Texas, 10 Other States Sue Obama Administration Over Transgender Bathroom Access

The federal government is requiring public schools to allow trans students to use bathrooms that match their gender identity.

Texas Attorney General Ken Paxton (R) and officials in 10 additional states have filed a lawsuit against the Obama administration after it told schools and colleges to allow transgender students to use the bathroom that matches their gender identity to comply with existing civil rights laws.

The lawsuit was announced Wednesday afternoon. Texas is joined by Alabama, Wisconsin, West Virginia, Tennessee, Arizona, Maine, Oklahoma, Louisiana, Utah and Georgia in the suit.

The federal guidance, announced earlier this month, requires public schools to protect transgender students from harassment and allow them to use bathrooms and locker rooms consistent with the gender they identify with, regardless of what's on their birth certificate. The administration cites Title IX, the federal law that prohibits discrimination based on sex.

"No student should ever have to go through the experience of feeling unwelcome at school or on a college campus,” said Education Secretary John King Jr.

President Barack Obama defended the action earlier this month.

"It is part of our obligation as a society to make sure everybody is treated fairly," he said.

The move drew a strong rebuke from Republican governors, including Mississippi's Phil Bryant, Arkansas' Asa Hutchinson and Kentucky's Matt Bevin. Texas Lt. Gov. Dan Patrick (R) said he'd be willing to forfeit billions in federal education funding to fight the federal guidance. GOP lawmakers in Oklahoma even introduced a measure to impeach Obama over it.

"[The Obama administration has] conspired to turn workplaces and educational settings across the country into laboratories for a massive social experiment, flouting the democratic process, and running roughshod over commonsense policies protecting children and basic privacy rights," reads the complaint. "Absent action in Congress, the States, or local communities, Defendants cannot foist these radical changes on the nation."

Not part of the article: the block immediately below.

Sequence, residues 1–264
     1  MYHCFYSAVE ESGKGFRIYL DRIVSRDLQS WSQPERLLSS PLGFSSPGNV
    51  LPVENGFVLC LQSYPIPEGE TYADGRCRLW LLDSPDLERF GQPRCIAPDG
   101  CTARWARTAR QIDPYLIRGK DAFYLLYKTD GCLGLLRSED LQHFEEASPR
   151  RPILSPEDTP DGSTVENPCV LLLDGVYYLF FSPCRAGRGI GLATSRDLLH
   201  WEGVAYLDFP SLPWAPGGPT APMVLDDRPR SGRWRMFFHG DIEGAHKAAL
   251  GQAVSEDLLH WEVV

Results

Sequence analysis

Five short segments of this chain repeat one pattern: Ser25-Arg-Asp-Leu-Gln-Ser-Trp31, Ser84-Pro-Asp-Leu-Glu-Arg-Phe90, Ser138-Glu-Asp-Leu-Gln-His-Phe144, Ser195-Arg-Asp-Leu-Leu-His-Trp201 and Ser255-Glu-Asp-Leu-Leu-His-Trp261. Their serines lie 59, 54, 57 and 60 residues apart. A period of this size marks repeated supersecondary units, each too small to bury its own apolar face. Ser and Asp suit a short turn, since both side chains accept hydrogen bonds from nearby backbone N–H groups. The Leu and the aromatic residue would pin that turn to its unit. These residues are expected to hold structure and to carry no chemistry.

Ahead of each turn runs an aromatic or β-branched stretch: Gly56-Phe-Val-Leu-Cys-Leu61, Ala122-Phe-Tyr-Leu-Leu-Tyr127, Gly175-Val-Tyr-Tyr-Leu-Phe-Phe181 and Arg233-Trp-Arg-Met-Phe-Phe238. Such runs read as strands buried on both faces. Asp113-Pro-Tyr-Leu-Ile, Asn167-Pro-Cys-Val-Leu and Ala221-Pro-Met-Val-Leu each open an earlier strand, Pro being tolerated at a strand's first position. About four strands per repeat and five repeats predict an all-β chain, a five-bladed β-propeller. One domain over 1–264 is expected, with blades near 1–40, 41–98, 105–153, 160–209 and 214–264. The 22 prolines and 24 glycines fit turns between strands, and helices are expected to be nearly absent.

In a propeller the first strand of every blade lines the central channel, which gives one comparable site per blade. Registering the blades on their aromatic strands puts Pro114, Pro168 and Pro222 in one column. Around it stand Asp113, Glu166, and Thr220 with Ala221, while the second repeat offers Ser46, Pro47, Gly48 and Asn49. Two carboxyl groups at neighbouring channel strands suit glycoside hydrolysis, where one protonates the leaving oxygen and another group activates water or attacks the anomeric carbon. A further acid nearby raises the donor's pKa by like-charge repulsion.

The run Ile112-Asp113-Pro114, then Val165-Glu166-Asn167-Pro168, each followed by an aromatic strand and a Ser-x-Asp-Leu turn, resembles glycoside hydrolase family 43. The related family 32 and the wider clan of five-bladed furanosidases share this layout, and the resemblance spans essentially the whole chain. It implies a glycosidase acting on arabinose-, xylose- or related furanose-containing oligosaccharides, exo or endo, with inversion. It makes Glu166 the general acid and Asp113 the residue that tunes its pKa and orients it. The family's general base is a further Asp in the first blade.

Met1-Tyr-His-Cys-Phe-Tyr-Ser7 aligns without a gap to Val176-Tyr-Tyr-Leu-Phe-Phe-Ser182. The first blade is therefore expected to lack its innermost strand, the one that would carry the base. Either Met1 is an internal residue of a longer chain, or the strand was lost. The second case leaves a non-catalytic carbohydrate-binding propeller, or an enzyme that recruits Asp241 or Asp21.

The bathroom controversy is rooted in a transphobic myth that by allowing trans people to use the facility consistent with their gender identity, schools are leaving students susceptible to predators. There is no evidence that this actually happens, and as HuffPost's Noah Michelson pointed out, laws already forbid predatory actions.

Human Rights Campaign communications director Jay Brown criticized Paxton's lawsuit, referencing his challenge to the Supreme Court's ruling on same-sex marriage last summer.

"Ken Paxton has already disgraced himself and his office by undermining the rule of law and shamefully encouraging state officials to ignore the U.S. Supreme Court's marriage equality decision last June. Now, he’s gone so far as to attack transgender youth, whom he has a responsibility to protect as Attorney General," Brown said in a statement. "Ken Paxton's use of taxpayer resources to dismantle such protections is a reckless and expensive abdication of his responsibilities, and he should be held accountable."

Read the full complaint below:

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